It’s time to recognize the right to reform

It’s time to recognize the right to reform

Hong Kong (CNN Business) – Woz supports the Right to Repair movement. Apple co-founder Steve Wozniak, better known in the tech world by his nickname Woz, spoke about the topic during a recent appearance on a barrier, a website that allows fans to pay celebrities for video messages.

In a letter to Louis Rossman, YouTube personality and advocate for the right to repair, Wozniak said he “fully” supports the cause, gives consumers the right and information to repair their own devices and, in a way, feels “emotionally” affected by it.

“I do a lot of engraving, but it really affected me,” he said at the press conference. Video Nine minutes. “We wouldn’t have Apple if they hadn’t grown up in a very open tech world.”

The Right to Reparations movement has recently gained momentum. In the UK, new Measures Require manufacturers of televisions, washing machines, and refrigerators to provide spare parts to consumers.

In the United States, at least 27 states have discussed relevant legislation this year, according to United States PIRGIt is a nationwide coalition of public interest research groups.

The White House also got in on the matter, and press secretary Jen Psaki noted this week that the USDA is considering giving “farmers the right to repair their own equipment.”

For his part, Wozniak shared how he learned to build and modify his own devices from a young age, even with a Ham Radio license at the age of ten.

“Back then when I was buying electronic things like TVs and radios, all circuits and designs were on paper. Total is open source,” he said.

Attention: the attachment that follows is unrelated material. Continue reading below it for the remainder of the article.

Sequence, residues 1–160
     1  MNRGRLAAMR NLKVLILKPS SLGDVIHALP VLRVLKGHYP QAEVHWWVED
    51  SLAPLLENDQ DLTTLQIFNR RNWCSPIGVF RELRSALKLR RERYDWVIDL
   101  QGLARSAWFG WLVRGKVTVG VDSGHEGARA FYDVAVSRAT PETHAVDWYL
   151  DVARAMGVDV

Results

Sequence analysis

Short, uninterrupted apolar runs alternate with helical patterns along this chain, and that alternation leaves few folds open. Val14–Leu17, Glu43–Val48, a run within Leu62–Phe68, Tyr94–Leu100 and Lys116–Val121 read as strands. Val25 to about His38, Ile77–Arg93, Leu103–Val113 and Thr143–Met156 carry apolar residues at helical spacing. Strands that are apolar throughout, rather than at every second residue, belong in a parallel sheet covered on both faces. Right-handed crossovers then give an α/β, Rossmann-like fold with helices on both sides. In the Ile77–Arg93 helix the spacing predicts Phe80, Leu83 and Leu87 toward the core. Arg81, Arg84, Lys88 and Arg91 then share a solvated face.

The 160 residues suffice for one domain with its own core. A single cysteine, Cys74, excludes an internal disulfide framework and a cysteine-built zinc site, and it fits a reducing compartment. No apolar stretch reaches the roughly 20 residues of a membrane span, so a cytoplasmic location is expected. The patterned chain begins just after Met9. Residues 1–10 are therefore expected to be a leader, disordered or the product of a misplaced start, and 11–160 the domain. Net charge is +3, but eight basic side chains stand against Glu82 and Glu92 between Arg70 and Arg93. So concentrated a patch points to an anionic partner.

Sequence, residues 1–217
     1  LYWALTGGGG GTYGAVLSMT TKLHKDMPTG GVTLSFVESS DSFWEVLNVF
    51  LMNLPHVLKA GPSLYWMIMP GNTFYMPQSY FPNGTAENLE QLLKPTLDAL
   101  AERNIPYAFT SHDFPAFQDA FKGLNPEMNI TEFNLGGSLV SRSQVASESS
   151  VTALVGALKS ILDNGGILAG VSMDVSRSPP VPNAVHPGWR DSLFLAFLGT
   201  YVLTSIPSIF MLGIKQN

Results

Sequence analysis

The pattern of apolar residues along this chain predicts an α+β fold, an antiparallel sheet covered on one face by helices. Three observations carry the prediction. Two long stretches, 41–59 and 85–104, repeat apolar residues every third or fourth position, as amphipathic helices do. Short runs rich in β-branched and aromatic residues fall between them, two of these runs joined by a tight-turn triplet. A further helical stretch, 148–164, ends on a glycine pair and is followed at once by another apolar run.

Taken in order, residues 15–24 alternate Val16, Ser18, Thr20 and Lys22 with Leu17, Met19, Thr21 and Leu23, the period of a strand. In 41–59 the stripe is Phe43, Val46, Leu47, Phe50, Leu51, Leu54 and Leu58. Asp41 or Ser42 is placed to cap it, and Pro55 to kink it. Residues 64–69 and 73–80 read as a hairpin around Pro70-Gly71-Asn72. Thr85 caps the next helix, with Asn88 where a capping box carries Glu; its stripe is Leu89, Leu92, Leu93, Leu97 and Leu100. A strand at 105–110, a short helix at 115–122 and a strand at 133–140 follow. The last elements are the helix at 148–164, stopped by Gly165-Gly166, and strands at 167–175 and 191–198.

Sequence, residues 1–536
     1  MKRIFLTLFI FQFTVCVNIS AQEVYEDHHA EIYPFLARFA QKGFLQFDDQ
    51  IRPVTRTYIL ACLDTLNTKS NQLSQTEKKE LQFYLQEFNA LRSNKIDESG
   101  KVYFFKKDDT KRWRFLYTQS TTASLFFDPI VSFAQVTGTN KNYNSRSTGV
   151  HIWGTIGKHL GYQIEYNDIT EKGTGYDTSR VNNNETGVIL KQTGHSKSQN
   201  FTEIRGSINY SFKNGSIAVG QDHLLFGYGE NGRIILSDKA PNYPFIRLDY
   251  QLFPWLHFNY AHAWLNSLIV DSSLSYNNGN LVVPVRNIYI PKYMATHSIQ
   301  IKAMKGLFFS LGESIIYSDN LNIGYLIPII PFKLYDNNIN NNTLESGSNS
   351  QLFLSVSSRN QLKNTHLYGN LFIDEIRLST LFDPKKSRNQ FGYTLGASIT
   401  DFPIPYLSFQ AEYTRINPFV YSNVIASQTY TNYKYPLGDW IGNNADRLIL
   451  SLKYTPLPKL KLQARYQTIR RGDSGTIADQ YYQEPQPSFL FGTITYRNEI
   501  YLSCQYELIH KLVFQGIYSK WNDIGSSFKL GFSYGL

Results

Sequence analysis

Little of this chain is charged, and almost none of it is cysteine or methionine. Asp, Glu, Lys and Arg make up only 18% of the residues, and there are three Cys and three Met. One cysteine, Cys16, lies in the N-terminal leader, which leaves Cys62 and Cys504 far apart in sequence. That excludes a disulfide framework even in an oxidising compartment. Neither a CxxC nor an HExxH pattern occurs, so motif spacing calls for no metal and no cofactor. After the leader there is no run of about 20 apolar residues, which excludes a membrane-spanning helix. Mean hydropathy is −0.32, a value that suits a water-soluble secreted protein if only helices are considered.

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“If you know what you’re doing…you can fix a lot of things on the cheap. But it’s more important to know that you did it yourself.”

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Allowing others to refurbish their devices also has business value, said Wozniak, Apple’s 45-year co-founder with Steve Jobs. He noted the success of the Apple II computer. He said it was “fully adjustable and scalable” and the “single source” of profit for Apple during its early years.

“It was not…successful because of sheer luck,” he added. “There were so many good things about being so open that everyone could join the party.”

Wozniak’s comments come as Apple, the company he left as an active employee in 1985, has long faced criticism for its policies that restrict where its customers can repair iPhones and other electronic devices without jeopardizing their warranties.

The company used to allow its authorized service providers to receive original Apple parts and other materials needed for repairs. That changed in 2019, when the company expanded the number of repair work it had officially acknowledged.

But ‘I think companies [todavía] They block it because it gives them power and control over everything.”

Apple did not immediately respond to a request for comment.

“It’s time to start doing the right things,” Wozniak said in his letter. It is time to fully recognize the right to fairness.”

Halle Burton contributed to this report.

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